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New Honda VTR250F

Discussion in 'Bike Reviews, Questions and Suggestions' started by Nooky, Aug 8, 2008.

  1. I don’t know if it’s been posted yet but this is the new Honda VTR250F
    At first glance it looks the same but it actually has a much more modern design with the new headlight + cover and exhaust etc. FI is also a welcome addition, hence the “F†in the name…

    I still prefer the Ninja 250R. Yamaha is also joining the fight.

  2. Hmm so more than 15 years ago the Japanese manufacturers battled over the 250cc market producing bikes with up to (and unofficially in excess of) 45hp.
    Now with fuel injection and other supposed advances in technology we're going to get 250s producing 32hp or so?
    Yay for progress. :roll:

    Seriously if there is such a supposed demand for 250s in the UK why bother tarting up the VTR when there's a perfectly good fuel-injected, 4-cylinder, 40hp, 250 Hornet still being produced. :?
  3. Because in the UK, learners can have up to 33hp (not a power/weight ratio; absolute power).

    The VTR250, with its mighty 32hp, squeaks in nicely.

    I think the new one looks pretty neat. A bit more streetfightery. :)
  4. I would think the power is down because its a twin cylinder- loads more torque, should be a lot stiffer and lighter than older bikes.

    i do hope it ends up 6 speed in the end.
  5. Ahh I see - guess that limits options in this country a bit as far as new learner bikes go then.
    If the Yamaha, Honda, and Kawasaki 250s are all going to be producing identical power outputs then I guess choice is really just going to come down to price and looks.
  6. Yeah I realise it's a twin but given how much the output of larger v-twin engines has increased over the last decade you'd think the smaller engines could have increased by at least a couple of hp. Fit fuel-injection to a '91 Spada and you'd actually have a far more advanced bike.

    Oh and I think you'll find a p-4 250 does in fact have more torque than a twin - just not as broad a torque curve ;).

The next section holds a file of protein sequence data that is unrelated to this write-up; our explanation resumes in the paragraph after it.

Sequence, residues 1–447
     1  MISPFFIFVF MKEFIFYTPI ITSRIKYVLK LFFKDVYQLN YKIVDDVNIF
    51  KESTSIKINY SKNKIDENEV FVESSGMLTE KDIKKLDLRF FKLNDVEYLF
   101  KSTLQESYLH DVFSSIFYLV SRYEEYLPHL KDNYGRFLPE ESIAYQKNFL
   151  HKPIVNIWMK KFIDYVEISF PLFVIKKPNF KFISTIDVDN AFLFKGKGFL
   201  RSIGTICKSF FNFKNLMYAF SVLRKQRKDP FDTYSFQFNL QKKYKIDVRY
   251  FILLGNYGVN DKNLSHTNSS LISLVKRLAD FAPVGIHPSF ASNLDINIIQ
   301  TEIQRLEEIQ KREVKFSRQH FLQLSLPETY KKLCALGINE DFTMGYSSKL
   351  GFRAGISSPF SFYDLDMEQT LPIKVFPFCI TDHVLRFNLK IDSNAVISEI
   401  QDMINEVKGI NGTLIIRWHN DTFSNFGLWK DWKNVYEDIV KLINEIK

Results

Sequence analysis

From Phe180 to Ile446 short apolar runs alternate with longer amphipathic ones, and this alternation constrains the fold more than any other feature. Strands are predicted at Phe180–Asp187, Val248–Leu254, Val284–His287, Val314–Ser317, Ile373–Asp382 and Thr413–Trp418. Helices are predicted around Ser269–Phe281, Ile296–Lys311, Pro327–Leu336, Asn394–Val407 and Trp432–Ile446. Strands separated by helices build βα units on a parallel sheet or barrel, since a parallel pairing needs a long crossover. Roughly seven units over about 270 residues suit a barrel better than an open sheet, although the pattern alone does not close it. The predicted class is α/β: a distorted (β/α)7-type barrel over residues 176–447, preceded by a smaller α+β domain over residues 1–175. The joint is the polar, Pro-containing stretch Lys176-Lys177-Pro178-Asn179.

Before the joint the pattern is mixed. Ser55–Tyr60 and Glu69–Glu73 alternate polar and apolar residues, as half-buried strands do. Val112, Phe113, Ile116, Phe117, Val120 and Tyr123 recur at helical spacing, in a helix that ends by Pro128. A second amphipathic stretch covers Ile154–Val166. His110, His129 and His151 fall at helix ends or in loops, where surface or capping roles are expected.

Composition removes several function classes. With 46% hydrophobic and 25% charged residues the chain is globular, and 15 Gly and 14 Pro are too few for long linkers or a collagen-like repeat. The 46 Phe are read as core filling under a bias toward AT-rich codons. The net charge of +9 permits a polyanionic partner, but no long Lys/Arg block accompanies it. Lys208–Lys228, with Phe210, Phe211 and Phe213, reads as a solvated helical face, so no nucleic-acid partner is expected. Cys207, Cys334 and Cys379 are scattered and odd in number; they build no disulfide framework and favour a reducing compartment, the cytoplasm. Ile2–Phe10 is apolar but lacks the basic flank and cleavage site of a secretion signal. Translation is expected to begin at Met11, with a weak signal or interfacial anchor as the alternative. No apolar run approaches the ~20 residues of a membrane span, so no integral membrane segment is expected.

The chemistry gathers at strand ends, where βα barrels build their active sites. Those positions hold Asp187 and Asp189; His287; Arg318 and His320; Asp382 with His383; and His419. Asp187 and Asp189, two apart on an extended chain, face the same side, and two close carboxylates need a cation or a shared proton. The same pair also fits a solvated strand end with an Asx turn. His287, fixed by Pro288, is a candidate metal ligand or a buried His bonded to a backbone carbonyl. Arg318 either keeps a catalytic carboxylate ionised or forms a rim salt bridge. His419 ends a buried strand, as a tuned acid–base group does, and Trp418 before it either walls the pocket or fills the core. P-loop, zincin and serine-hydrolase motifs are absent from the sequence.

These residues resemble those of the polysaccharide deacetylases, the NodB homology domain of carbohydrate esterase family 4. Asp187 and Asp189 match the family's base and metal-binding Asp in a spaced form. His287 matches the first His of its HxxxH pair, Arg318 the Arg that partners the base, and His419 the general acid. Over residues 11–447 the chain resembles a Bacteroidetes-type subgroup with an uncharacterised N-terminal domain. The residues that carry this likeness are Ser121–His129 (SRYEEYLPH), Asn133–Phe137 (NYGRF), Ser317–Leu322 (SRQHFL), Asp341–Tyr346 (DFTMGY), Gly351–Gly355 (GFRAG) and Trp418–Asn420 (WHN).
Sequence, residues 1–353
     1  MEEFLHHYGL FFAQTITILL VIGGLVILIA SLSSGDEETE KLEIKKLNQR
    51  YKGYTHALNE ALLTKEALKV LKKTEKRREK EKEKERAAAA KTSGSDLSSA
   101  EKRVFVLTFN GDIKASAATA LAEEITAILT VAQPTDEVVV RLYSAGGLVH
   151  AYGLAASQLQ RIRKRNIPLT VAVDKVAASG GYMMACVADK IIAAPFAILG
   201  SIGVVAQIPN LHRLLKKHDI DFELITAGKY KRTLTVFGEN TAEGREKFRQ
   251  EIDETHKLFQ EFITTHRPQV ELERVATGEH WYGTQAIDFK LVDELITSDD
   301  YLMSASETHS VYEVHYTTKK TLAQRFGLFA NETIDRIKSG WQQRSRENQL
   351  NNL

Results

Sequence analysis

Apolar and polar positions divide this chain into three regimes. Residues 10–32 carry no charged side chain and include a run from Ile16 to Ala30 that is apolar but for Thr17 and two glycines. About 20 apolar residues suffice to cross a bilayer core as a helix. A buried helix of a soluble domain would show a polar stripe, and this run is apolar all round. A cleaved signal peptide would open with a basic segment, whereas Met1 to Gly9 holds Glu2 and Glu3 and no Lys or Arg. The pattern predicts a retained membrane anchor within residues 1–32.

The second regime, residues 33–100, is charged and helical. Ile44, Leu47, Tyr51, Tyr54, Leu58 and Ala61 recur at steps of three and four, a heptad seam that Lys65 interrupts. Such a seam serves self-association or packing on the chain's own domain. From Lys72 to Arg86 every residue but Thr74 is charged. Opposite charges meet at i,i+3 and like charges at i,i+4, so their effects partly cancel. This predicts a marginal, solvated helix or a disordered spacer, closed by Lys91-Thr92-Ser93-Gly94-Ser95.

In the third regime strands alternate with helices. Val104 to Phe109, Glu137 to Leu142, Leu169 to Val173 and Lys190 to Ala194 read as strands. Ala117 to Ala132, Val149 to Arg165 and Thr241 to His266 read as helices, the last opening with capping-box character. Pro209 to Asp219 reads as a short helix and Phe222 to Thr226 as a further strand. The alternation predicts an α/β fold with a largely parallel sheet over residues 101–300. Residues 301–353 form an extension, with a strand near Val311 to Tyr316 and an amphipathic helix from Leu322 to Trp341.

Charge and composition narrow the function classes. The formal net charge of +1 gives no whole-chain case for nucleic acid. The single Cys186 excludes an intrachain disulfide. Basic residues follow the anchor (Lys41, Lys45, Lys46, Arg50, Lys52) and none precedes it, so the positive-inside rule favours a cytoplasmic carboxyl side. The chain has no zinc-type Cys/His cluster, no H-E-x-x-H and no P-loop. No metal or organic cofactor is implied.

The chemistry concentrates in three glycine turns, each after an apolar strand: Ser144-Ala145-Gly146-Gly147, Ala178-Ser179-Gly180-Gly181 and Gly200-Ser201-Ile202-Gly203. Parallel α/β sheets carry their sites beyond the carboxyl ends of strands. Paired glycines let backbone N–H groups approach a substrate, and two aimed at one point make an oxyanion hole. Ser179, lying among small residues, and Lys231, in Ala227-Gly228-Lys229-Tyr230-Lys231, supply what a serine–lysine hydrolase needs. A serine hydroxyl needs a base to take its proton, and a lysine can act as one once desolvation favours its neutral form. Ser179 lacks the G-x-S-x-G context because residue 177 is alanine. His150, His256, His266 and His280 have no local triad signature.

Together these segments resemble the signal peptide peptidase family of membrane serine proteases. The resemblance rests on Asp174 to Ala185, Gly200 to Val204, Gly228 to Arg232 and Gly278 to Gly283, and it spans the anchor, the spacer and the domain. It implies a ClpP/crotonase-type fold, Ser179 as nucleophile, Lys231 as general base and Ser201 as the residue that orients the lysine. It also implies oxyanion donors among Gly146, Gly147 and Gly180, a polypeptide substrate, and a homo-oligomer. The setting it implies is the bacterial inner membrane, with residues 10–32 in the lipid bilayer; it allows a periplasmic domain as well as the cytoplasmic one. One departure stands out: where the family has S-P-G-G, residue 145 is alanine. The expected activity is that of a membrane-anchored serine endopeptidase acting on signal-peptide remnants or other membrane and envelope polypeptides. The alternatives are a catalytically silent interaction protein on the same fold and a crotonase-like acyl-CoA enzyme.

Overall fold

7. Yeah, Australia's sorta stuck between a rock and a hard place for motorcycle options, especially with the no-parallel-import-for-vehicles laws set up to protect our local motorcycle manufacturers (ah-hah-hah-haaah) and our tiny tiny motorcycle market.

    The 33hp UK/Europe power limit is a huge market compared to Australia, so it's no surprise that bike manufacturers are making models tailored to those requirements.

    At the end of the day, the minimonster's 32 horsepower did me just fine when I was learning. What it loses in top-end, it makes up for with a (for a 250) pretty strong midrange and low end, and sheer width of the torque curve. Lots of pulling power from 5000-6000rpm up to redline. :)
  8. Yeah there's nothing particularly wrong with the VTR by any means - but for those that plan on doing a lot of highway kays on restrictions (like I did) a larger, smoother, more powerful 4-cylinder has definite advantages.
    Just be nice if people actually had that choice when buying new - without coughing up 10k for a CB400.
  9. *chuckles* oh yeah. I'll be the last to defend the VTR250's freeway comfort. The novelty of riding a VTR from Melbourne to Geelong and back sorta wore thin after 8 months. :LOL:

    Very much a bike for romping around urban environments and twisty roads.. not so much long-haul superslabbing.

    On that note... (and wandering off-topic for a moment) it's a real pity that the Deauville made itself non-LAMS with its extra displacement and power in recent times. Deauville would have been ideal for learner touring enthusiasts.

    Edit: Come to think of it, what 'sport-touring' options are there for the LAMS crowd? GS500 faired, perhaps.. Any others? :-k
  10. Might be a pity, but it's understandable. Deauville needed a bigger engine to be a better bike for its intended purpose and if that placed it outside LAMS, who cares? Australian (and not even whole of Australia at that) LAMS market is a drop in the ocean, of no concern when it comes to global planning for Honda or any other manufacturer. Yes, it's a pity but that's the reality of the situation.

    As for this VTR... why still only 5 gears?!? And I can't tell from the above picture, but I really hope they resisted the temptation to replace current gauges with some stupid digital display...
  11. Fuel Injected 250cc bike. Is that the first we've seen in Australia? I know the Ninja 250R is available in fuel injected form in other markets.